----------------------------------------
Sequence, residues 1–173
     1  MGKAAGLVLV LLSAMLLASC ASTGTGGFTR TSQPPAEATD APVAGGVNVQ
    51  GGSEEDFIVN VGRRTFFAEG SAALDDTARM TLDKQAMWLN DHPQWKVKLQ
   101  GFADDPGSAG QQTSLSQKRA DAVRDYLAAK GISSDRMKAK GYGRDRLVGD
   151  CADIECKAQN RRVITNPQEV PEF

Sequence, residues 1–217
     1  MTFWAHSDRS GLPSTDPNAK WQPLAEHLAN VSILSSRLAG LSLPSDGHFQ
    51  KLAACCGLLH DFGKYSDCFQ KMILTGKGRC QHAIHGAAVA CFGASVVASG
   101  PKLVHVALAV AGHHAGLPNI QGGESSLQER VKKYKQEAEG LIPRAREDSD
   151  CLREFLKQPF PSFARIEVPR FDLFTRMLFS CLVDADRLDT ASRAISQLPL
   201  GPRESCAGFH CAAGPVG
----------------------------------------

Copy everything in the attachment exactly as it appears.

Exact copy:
Sequence, residues 1–173
     1  MGKAAGLVLV LLSAMLLASC ASTGTGGFTR TSQPPAEATD APVAGGVNVQ
    51  GGSEEDFIVN VGRRTFFAEG SAALDDTARM TLDKQAMWLN DHPQWKVKLQ
   101  GFADDPGSAG QQTSLSQKRA DAVRDYLAAK GISSDRMKAK GYGRDRLVGD
   151  CADIECKAQN RRVITNPQEV PEF

Sequence, residues 1–217
     1  MTFWAHSDRS GLPSTDPNAK WQPLAEHLAN VSILSSRLAG LSLPSDGHFQ
    51  KLAACCGLLH DFGKYSDCFQ KMILTGKGRC QHAIHGAAVA CFGASVVASG
   101  PKLVHVALAV AGHHAGLPNI QGGESSLQER VKKYKQEAEG LIPRAREDSD
   151  CLREFLKQPF PSFARIEVPR FDLFTRMLFS CLVDADRLDT ASRAISQLPL
   201  GPRESCAGFH CAAGPVG